Quechee, VT – This summer, as rescued baby birds were raised and released and campers roved across campus, hammering and sawing could be heard in the woods of the VINS Nature Center. Among the trees, poles and a walkway have picked up as the nature trail leaves off, lifting off from the forest floor and rising into the treetops. A unique, innovative exhibit has taken shape, and a new day is beginning for the Vermont Institute of Natural Science. On Saturday, September 28, we hope you will join us 40 feet above the forest floor as we take our first steps onto the Forest Canopy Walk in the VINS Nature Center forest. This elevated walkway rises above the forest floor, into the canopy, bringing guests face-to-face with a world they’ve only ever seen from far below. Be the first to explore an ecosystem few ever get the chance to experience.
The Forest Canopy Walk will be a novel educational exhibit, a significant step forward in VINS’ place-based educational programs. With place-based education, visitors learn via active engagement with the surrounding environment, immersed in the forest even as they learn about its ecosystems, animals and diverse flora. When the Forest Canopy Walk opens in just a few weeks, guests will be able to tackle the nets of the Spider’s Web, climb to an Eagle’s Nest, peer into an Owl’s Nest, and check out the Tree House, ascending 100 feet above ground to the very tops of the trees. Each of these features includes interpretive materials to empower and inform guests about the environment and their role in protecting it. A lesson about stewardship can truly take root when it’s learned from a leafy bough a foot away, as birds and squirrels dart among the branches at eye-level.
Our event will feature a presentation from world-renowned tree canopy researcher Dr. Meg Lowman, also known as “Canopy Meg.” Dr. Lowman, who counts herself among the world’s arbornauts (“people who explore treetops,” she explains), will tell guests about “The Secrets of the Trees.” Notes Lowman, “I’ve been on a global quest to understand trees all around the world.” Canopies are vitally important ecosystems, says Lowman, noting, “Based on the rates of discovery, scientists estimate that 50% of species that live on land live in the tops of trees.” She adds that she and fellow arbornauts think they’ve “discovered about 10% of that, so that leaves 90% to go, and we have a lot of work in front of us and a lot of urgency because these forests are disappearing so quickly.”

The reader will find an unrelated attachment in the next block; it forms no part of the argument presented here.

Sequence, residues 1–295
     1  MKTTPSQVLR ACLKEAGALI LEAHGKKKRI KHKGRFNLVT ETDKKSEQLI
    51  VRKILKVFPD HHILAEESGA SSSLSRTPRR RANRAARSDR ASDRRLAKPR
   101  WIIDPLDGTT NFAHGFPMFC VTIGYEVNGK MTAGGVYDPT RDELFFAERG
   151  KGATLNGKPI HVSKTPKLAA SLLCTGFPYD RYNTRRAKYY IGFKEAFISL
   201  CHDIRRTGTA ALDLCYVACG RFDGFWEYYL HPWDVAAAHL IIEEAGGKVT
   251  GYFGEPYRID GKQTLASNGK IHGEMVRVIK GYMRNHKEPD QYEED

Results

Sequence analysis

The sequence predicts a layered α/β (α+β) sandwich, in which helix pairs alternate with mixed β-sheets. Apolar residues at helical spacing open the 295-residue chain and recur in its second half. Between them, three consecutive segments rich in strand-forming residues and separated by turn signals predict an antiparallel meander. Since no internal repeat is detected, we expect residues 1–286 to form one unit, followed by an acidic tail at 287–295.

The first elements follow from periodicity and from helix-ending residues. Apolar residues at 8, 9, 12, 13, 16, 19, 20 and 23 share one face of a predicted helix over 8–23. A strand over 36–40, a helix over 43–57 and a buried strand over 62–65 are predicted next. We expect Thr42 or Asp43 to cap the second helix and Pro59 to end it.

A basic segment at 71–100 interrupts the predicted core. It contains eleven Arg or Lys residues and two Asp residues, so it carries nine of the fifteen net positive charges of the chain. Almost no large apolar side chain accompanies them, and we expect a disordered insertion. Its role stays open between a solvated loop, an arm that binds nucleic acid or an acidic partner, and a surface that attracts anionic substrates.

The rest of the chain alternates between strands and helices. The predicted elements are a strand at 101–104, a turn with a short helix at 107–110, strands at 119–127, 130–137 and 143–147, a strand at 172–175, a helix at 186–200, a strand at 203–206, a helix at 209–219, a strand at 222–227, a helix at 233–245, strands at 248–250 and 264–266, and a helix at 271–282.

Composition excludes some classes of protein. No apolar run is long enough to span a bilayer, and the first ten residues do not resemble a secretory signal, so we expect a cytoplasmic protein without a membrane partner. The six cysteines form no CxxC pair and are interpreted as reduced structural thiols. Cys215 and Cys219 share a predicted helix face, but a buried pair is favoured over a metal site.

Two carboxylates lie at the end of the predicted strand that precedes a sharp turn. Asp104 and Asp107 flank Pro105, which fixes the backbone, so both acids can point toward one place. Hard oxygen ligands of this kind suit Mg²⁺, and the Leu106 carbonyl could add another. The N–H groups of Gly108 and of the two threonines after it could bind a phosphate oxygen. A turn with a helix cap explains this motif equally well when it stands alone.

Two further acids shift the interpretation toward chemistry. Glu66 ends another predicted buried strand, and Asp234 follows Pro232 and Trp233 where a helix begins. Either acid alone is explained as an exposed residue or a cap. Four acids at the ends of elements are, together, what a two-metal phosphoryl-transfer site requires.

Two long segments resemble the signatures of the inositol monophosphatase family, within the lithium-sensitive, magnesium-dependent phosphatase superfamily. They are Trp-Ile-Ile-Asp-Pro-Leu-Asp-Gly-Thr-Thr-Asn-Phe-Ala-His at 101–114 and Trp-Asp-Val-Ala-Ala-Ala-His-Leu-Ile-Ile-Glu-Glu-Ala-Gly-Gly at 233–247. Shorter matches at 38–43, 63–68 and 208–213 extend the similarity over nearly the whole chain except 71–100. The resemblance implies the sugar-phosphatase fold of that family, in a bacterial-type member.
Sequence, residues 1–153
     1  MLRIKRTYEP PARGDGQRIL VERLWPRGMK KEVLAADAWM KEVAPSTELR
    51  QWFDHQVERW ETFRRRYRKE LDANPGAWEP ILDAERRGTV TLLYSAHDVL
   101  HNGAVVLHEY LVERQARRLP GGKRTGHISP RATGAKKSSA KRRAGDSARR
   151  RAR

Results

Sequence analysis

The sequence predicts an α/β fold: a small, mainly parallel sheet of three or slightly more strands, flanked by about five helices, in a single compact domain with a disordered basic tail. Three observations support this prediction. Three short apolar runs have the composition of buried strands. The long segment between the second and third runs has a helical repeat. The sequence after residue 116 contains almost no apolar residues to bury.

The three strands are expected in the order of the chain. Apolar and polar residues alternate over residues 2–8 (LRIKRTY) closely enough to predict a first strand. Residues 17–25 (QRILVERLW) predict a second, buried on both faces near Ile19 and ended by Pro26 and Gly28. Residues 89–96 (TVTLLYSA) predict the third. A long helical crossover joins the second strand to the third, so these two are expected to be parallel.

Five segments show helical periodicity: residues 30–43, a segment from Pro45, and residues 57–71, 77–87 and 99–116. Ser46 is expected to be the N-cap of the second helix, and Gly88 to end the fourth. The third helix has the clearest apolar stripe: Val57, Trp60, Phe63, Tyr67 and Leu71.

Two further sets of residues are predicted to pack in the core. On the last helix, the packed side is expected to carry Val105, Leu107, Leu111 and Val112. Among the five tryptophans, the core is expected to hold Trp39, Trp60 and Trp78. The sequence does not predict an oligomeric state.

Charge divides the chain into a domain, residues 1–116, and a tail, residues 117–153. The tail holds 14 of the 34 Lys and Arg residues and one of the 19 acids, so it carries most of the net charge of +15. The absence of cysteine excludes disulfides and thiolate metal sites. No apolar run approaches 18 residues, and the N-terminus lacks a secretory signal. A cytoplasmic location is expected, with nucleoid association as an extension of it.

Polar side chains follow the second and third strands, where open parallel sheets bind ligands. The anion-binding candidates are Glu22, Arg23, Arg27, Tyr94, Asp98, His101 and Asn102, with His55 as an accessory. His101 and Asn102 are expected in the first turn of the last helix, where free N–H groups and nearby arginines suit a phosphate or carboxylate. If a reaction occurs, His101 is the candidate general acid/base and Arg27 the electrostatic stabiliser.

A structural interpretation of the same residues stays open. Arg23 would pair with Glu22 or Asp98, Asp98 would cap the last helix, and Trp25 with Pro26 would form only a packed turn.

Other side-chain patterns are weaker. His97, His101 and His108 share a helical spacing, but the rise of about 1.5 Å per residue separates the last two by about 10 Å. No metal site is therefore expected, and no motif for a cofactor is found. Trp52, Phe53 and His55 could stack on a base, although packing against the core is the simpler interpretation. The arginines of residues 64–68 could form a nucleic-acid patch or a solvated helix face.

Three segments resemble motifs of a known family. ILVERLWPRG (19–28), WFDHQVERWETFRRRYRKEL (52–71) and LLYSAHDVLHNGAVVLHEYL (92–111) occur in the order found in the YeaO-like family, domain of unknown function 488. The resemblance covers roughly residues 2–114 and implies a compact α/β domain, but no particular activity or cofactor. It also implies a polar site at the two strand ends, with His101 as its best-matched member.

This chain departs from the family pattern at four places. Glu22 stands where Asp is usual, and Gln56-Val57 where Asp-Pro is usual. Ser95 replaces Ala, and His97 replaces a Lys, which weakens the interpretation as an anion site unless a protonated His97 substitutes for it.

The Forest Canopy Walk will play an important role in VINS’ overall mission of inspiring environmental stewardship among its guests. Lowman notes that education is vital to saving trees around the world.
“The more that people learn to understand what trees do for them, and why having trees is essential for staying alive on this planet… it’s a really important message that can be interpreted in a walkway.”—Dr. Meg Lowman, Forest Canopy Biologist
Forest Canopy Walk construction began last fall following a benefits study and approval from the VINS Board of Trustees. Long-term economic stability is an important goal for VINS, as for all nonprofit organizations, and this initial study suggested that adding the Forest Canopy Walk to the VINS Nature Center would result in significantly higher numbers of visitors.
The ADA-compliant Forest Canopy Walk was designed by VINS and Architect Tom Weller. Phoenix Experiential Design of North Carolina and Trumbull-Nelson of Hanover, New Hampshire are the builders. The Forest Canopy Walk will be opening officially in October 2019.
Our invitation-only press event will take place on Saturday, September 28, 2019. In addition to a presentation from “Canopy Meg,” we will be leading tours of the Forest Canopy Walk, to see the exhibit as it nears completion. You can join our staff in wandering the canopy of the September forest and seeing what’s been taking shape at the VINS Nature Center.